Monday 1 December 2014

Bank Sinkholes Trip by Gerrie Pretorius

On Sunday the 10th of August 2014, SEC went to check out some Sinkholes marked from Google Earth in the Bank area, in search of new caves.

The first sinkhole that we stopped at could be climbed down on one side without any rigging.

Unfortunately this Sinkhole didn’t lead to any new cave, but this was expected, very few sinkholes will actually have an open entrance into a cave system, especially in this area, where the dolomite is supposed to be far below the surface, although there is no shortage of sinkholes in the area.

After that we moved on to what we now call the “Moonscape”. The area has so many sinkholes in looks like the surface of the moon, expect we have sinkholes instead of craters. There are probably more than a hundred sinkholes here, and a small river stream running into the area, but not out on the other side.

On only the 3’d sinkhole we looked down in the Moonscape, we could clearly see it was going into a cave. The sinkhole was very small, so small it’s basically not even visible from Google Earth, yet it was very deep.

I was so excited. John quickly brought the Landy closer from which we rigged the bipod, while Rick suited up to go down and check it out.
Image: Gerrie Pretorius
I highlighted the sinkhole in yellow, and the bipod in blue, with Selena and Irene standing in front of it. If you walked here in the night, you would probably stumble into it without ever seeing it.

While Rick went down Steven and I checked out the rest of the sinkholes.

We stumbled onto some illegal miners and then where a stream disappeared into the ground we found a small cave in another sinkhole, which went about 15m before ending as it was clogged up with mud. Another sinkhole within a sinkhole was really deep, and disappeared into the blackness, but rigging this was not a viable option as the area around it looked really unstable.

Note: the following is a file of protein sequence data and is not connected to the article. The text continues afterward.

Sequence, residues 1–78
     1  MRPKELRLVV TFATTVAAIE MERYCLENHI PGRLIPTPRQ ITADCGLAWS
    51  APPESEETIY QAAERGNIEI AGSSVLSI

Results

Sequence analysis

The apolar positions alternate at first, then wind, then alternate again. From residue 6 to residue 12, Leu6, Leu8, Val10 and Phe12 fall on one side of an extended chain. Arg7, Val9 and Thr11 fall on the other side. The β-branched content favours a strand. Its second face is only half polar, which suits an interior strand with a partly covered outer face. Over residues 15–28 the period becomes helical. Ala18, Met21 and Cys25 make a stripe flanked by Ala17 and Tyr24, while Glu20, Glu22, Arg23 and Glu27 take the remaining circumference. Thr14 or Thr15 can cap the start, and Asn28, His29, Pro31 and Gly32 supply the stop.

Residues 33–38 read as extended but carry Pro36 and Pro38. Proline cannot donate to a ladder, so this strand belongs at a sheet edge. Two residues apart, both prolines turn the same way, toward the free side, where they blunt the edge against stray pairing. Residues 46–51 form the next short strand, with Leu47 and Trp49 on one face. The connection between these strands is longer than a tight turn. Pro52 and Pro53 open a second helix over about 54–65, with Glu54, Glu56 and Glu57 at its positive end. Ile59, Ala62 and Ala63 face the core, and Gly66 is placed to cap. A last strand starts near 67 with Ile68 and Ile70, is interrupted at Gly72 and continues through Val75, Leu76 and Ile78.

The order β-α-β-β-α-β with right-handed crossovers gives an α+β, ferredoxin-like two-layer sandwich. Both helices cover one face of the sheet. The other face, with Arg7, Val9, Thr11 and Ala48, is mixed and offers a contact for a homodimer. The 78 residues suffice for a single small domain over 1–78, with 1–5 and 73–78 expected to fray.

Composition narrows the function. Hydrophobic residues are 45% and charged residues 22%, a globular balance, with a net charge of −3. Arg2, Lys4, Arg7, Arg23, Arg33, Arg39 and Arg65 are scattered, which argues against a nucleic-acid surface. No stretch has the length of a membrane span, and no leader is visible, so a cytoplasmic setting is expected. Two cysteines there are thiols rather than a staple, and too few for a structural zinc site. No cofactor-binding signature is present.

Another sinkhole was rigged with a ladder, but the dark side of it was only a dark side, with no real cave.

Back at Rick’s sinkhole, and unfortunately Rick reported that this is a cave but a very small one, and also doesn’t really go past 20 meters.

Rick, was still full of energy at this point and volunteered to descend another deep sinkhole. Unfortunately this was also dead.
Image: Gerrie Pretorius
We then left the moonscape area to check other sinkholes in the area, with no result, and then moved on to Jockstrap Cave.

After a quick glance down the side of Jockstrap, it was clear that there were new developments since our last trip there in 2008. Besides the main cave that we discovered on our previous trip, there was a second area that seemed to go a bit. John quickly climbed down to check it out. Indeed it went further. After John disappeared for about 10minutes, he came back reporting that although it goes further, it still died out in mud, but noted that we should visit it again in a few years time as it is the sinkhole is still regularly changing.

About 500m behind Jockstrap lies three more sinkholes, all three are positioned around an old house, we named it the Lucky House Sinkholes.
Image: Google Earth
Although I’m not sure how lucky this house really is, as it looks like a part of it definitely disappeared down the sinkhole, not to mention the fact that you can climb down underneath the foundation of the house as the long sinkhole gave away underneath the house.